Why Cyberpunk 2077 Could Be a Game-Changer

There are plenty of games to get excited for every year. Some offer new takes on existing ideas; some promise to breathe new life into old favorites and some offer something never seen before in gaming. Every once in a while, though, a game appears that has the unmistakable air of being something truly special: a paradigm shift in the way certain games are made. Super Mario 64 redefined platformers for three-dimensions, Halo: Combat Evolved forever altered the FPS genre and now Cyberpunk 2077 is poised to do something similar for western RPGs. Like other landmark games, it’s not offering something completely new and different, but rather taking what’s already there and combining it in a way that’s never really been considered before. That’s what will make the difference.

Over the course of Cyberpunk 2077’s E3 demo, a great many features were shown and described as part of the game. Most of these aren’t new and have been seen in several other games across a few genres, but that’s the thing: combining so many of them like this hasn’t really been done before. Going by its combat features alone, CD Projekt Red could have easily just made Cyberpunk 2077 into a futuristic shooter and left it at that. Most gamers out there probably would have been perfectly okay with that, as its action-oriented gameplay looks like a blast to play.

Cyberpunk 2077’s gunplay and weapon features look incredible just by themselves. As seen in the demo, players have all manner of exotic weapons and futuristic abilities to call upon in combat. Shotguns that can fire through cover, target-tracking bullets, ricochet sights and slo-mo dodges are all on full display already, and we can bet that these are only a taste of the full scope of options that will eventually be available to players. The encounters shown appeared to encourage tactical thinking too. All of this put together would make for a great FPS, but that’s not what Cyberpunk 2077 is. This game is an RPG first and foremost; the shooter elements are just there to serve the action needs. Think about that for a second: there’s a fully-fledged FPS in there and it only serves as a piece of the larger game. It’s a major piece to be sure, but a piece nonetheless. It might be a bit excessive, but one can’t make an RPG with a heavy emphasis on player choice without giving them lots of combat options.


Role-playing games are traditionally about letting players insert themselves into a world and confront it in whatever way they see fit. The epitome of this is still seen in table-top games like Dungeons and Dragons, where players can do whatever they want so long as their skills and dice roles allow for it. This level of depth is obviously difficult to replicate in a video game, as every choice and outcome must be accounted for and rendered in-game. As such, restrictions usually need to be put in place in order to keep development manageable for game makers. Such has been the case with RPGs since the beginning, and the same is true with Cyberpunk 2077, only there are apparently far fewer restrictions than one would expect from a game at this high level of visual fidelity. If anything, it appears to be the opposite.

The importance of player choice was stressed repeatedly over the course of the demo, with the narrator repeating over and over how most decisions are going to carry some kind of consequence. This was implied with the character creation screen and the level of detail it went into, and it was reinforced over and over again as time went on. Getting an implant resulted in physical alteration to the player character; getting a new eye meant new visual abilities; defeating a gang led to a surprise attack from their friends; choosing to follow a lead led to new options for a mission and so on. Again this is an extremely detailed game and yet there are still all manner of options and paths available for players to follow. The ambition on display here is staggering, even more so when little details like targeted in-universe ads and combat options are taken into account. As they stated in the demo, they’re trying to create a fully-realized world and the systems on display indicate that they mean it.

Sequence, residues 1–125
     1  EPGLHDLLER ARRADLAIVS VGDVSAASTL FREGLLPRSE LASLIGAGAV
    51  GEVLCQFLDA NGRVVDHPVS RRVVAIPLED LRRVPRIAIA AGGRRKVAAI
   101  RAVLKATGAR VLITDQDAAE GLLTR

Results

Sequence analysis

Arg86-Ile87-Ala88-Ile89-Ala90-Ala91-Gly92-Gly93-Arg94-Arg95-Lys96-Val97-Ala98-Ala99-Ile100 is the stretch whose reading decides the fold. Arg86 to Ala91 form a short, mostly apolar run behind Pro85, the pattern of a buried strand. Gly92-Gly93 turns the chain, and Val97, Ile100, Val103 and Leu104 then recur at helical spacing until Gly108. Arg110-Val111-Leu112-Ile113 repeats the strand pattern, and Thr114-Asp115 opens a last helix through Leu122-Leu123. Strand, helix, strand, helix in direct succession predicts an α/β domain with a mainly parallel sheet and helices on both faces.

If CD Projekt Red is able to fully pull off the game described here, they’ll have managed to push the RPG envelope further than anyone thought possible. Cyberpunk 2077 is set to be a fully-featured RPG with more depth to its choices and consequences than anything else short of a classic text adventure and that’s just part of it. There’s also a competent shooter in here supported by upgradable weapons, exotic abilities, a unique hacking system and formidable enemies. It all takes place in what looks like an open and living world filled with side-content to explore and rendered at an impeccable level of detail.


There’s no guarantee that CD Projekt Red will be able to do it of course, but they at least have all the necessary pieces. If this game releases and succeeds, it’s likely to change the RPG landscape. Not every game that follows would try to do emulate Cyberpunk 2077 on every point, of course. It would be too massive an undertaking for most studios. Perhaps other RPG makers, however, won’t be as reluctant to build more depth into their games or be more willing to fully combine genres into more complex and interesting games. CD Projekt Red is fully combining open-world RPGs and FPS games, so why not try other ambitious combos? Most importantly, CD Projekt Red will have proved that we can have fully-realized RPGs in the modern gaming landscape. It’s just a matter of going out and doing it.